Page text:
FlyFusion: Realtime Dynamic Scene Reconstruction Using a Flying Depth Camera

 Lan Xu, Wei Cheng, Kaiwen Guo, Lei Han, Yebin Liu, Lu Fang


Fig. 1 Realtime 3D human motion capture by a flying camera.

Abstract

While dynamic scene reconstruction has made revolutionary progress from the earliest setup using a mass of static cameras in studio environment to the latest egocentric or hand-held moving camera based schemes, it is still restricted by the recording volume, user comfortability, human labor and expertise. In this paper, a novel solution is proposed through a real-time and robust dynamic fusion scheme using a single flying depth camera, denoted as FlyFusion. By proposing a novel topology compactness strategy for effectively regularizing the complex topology changes, and the Geometry And Motion Energy (GAME) metric for guiding the viewpoint optimization in the volumetric space, FlyFusion succeeds to enable intelligent viewpoint selection based on the immediate dynamic reconstruction result. The merit of FlyFusion lies in its concurrent robustness, efficiency, and adaptation in producing fused and denoised 3D geometries and motions of a moving target interacting with different non-rigid objects in a large space.

System Overview

Our new FlyFusion system captures a moving target's motion autonomously in real-time using a flying camera (UAV equipped with a RGBD camera), with fewer constraints like fixed capture volume or tedious manual labor. Fig. 2 gives a sketch of the working pipeline of our FlyCap system, which can be decomposed into three modules: flying camera, robust dynamic fusion module, and active view planning module, respectively.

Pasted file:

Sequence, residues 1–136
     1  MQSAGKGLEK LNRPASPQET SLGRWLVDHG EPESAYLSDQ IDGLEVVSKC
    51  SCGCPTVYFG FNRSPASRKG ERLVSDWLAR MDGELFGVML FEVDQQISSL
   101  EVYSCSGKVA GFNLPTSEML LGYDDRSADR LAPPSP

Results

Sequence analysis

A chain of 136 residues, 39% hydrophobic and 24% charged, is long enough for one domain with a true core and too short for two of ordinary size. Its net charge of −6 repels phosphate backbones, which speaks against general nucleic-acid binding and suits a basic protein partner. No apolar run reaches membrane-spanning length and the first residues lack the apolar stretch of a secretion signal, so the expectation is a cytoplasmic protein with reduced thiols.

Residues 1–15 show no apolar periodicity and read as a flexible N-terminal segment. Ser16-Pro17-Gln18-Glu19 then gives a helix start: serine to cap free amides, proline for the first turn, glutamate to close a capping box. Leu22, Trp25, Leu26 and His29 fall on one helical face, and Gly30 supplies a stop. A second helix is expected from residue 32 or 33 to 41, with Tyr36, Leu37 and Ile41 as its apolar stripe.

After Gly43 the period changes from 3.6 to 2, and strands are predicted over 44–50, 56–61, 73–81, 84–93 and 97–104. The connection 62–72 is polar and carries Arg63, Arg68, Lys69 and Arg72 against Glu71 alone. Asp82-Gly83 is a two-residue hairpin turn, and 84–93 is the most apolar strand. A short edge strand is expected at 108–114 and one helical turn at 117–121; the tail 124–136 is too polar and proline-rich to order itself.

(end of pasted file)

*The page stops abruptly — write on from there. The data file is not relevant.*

Fig. 2 The architecture of iHuman3D.

Results

We first test our robust dynamic fusion scheme on the public RGB-D datasets of several representative single-view non-rigid reconstruction methods, i.e., VolumeDeform, MonoFVV and KillingFusion in Fig. 3. Throughly evaluation on each term of proposed GAME metric is committed in Fig. 4, Fig. 5 and Fig. 6.

Fig. 3 Evaluation on available single view RGB-D datasets. (a) Our results on the sequences boxing, hoodie, minion, roll shirt, sun flower and umbrella from VolumeDeform. (b) Our results on the sequences bag open, boxing and fast loop from MonoFVV. (c) Our results on the sequences frog, duck, snoopy, hat and Alex from KillingFusion.

Fig. 4 Evaluation of the depth term. (a, b) The results with and without the depth term respectively, including the color frame, the geometry result and the input depth image. (c) The quantitative curves of the average depth value of current depth input.

Fig. 5 Evaluation of the center term. (a, b) The results with and without the center term respectively, including the color frame, the geometry result and the input depth image. (c) The quantitative curves of the average horizontal index of current depth input.

Fig. 6 Quantitative evaluation of the motion term in the panda bag sequence. (a) and (b) are the motion maps of the 219th, 309th, 499th and 799th frames for our method with and without the motion term respectively. (c) The numerical motion curve.

Video: Live demo and experiments on sythetic data.


Code (Simulation)

Code (Motion capture) coming soon!

Video

Paper


Citation

FlyFusion: Realtime Dynamic Scene Reconstruction Using a Flying Depth Camera

@Misc{xuFlyFusion,
  title={FlyFusion: Realtime Dynamic Scene Reconstruction Using a Flying Depth Camera},
  author={Lan Xu and Wei Cheng and Kaiwen Guo and Lei Han and Yebin Liu and Lu Fang},
  howpublished={\url{http://www.luvision.net/FlyFusion_tvcg/}},
  year={2018}
}